My supervisor cam by with a little surprise today... I hae to write risk assessments for every lab procedure I am going to do (which up until now is about 30, but still counting). Did anybody else who does lab work go through the same thing? Did you "borrow" from other RAs? Did your department have them?
Way too much work... the only thing I found so far after moving to the UK is that the H&S regulations are ridiculously complicated and a lot of administrative work! I don't have time for all of this stuff ,-)
I don't do lab work but I do take studnts out on fieldwok which require risk assessment s- the usual thing to do is to get a template (or an existing one) and adapt it to refellect the specific circumstances, change the date etc. If all your proccedures are similar (eg in same lab, using chemicals, similar processes etc) then it should be a doddle. I would have thought that you should be able to get either a template or an example that you can adapt.
H&S is (rightly) taken seriously and that is in part to protect you. If there were an accident in the lab and you were injured then the risk assessment would help to demonstrate that you had complied with legal and other requirements and could be essential in any litigation (either defending your actions or in suing the lab). It is also a major part of any industrial process to have a risk assessment.
I can't believe that you think it is "ridiculously complicated" and that you "don't have time for it" - that sort of attitude results in short cuts and sloppy practices and can, and does, lead to injury and death (and I speak from experience of losing a relative abroad because a risk assessment was not adequately done - four years on we still have not had the inquest and there is a long legal process going on to ensure that rules are changed). If you were my student I would question your maturity and ability to undertake independent research.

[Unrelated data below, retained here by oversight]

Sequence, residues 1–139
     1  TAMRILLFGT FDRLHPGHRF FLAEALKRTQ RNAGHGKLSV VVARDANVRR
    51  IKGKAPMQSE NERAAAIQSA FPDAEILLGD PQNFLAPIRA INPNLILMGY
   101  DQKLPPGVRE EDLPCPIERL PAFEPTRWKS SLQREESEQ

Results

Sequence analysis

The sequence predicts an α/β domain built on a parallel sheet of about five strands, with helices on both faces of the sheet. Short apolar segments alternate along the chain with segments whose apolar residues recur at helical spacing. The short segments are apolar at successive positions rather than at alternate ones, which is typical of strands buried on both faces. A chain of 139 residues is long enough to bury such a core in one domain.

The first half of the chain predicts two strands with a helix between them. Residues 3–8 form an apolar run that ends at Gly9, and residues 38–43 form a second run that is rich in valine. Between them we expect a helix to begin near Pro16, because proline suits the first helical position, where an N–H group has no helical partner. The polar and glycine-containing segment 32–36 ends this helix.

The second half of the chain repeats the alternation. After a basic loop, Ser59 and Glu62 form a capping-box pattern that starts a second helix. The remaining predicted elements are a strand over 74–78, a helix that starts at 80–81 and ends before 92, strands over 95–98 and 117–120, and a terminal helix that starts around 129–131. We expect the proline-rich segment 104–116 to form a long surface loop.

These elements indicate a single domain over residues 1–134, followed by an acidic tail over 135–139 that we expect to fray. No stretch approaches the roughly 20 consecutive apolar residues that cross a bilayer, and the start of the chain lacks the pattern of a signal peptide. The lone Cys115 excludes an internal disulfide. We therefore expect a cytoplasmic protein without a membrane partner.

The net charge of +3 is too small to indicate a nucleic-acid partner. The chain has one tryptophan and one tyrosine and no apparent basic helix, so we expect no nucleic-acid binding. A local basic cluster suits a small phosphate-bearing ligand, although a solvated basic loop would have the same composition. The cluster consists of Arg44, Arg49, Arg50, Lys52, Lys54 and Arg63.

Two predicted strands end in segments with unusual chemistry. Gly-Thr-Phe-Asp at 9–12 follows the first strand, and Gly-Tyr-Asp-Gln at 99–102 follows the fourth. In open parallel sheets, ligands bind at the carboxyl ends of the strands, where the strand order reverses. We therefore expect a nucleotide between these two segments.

There seems to be two main reasons for risk assessment - to protect the user/doer/researcher etc, and to protect, in law, the organisation/university in case of claim by the researcher or other organisations. A lot of risk assessments are sensible, where they involve working with substances, machinery, or processes which are clearly hazardous, such as ionising radiation, toxins, liquid nitrogen, etc. However, some risk assessments (I've actually seen one for "pouring water", although not at my current place, are plain stupid and exist just to justify some petty-minded individual. I think on the whole, however, they're pretty sensible.
In terms of writing them, we generally have just one per procedure, and sign any which are relevant to us. It seems to work pretty well.
It shouldn't take that long and should mainly be a copy and paste exercise after you've done a couple, unless you are using an absurd amount of machinery. Ask the technicians in the lab (if there are any) and you should be able to get hold of old ones that are similar. Even if you can't then it shouldn't take long to whip one up. All you need to do is think of an accident that could happen then give it a likelyhood factor and a risk or injury factor. As long as you get any that are high risk of injury and can show that they're unlikely then I wouldn't worry about having missed a couple of low injury factor ones. The point of the exercise isn't to jump through hoops, but to show that you have considered all the possible risks. You should be able to knock off all thirty in a day, assuming all the tasks are similar, maybe two days if they're not.
They can be a pain, but I'd rather it be a pain a hundred times than one person get seriously injured. Also, I understand that people do it differently in other countries, and these methods may be better (or worse), but they're not how it's done here, so there's no real point trying to fight the risk assessment method.
Try the HSE web site for guidance if you haven't already.
Good luck :-)
Sorry for double post.
Just to add, you could probably have one for "general lab activity" and cover all the stupid ones like using scales or using the fridge in one.
Hey, i started my phd in october, and one of the first things i had to do was to complete risk assessments b4 i was allowed in the lab, it was such a faff!! i dont think u need to write a separate risk assessment for every procedure, if the same chemicals are used in 5 procedures you only need to mention it. I had to do my own risk assessment but another student who started around the same time as me, her supervisor gave her around 5 RA and she just had to change the front page which include name, supervisors and project title etc. So i think it depends on your supervisor.
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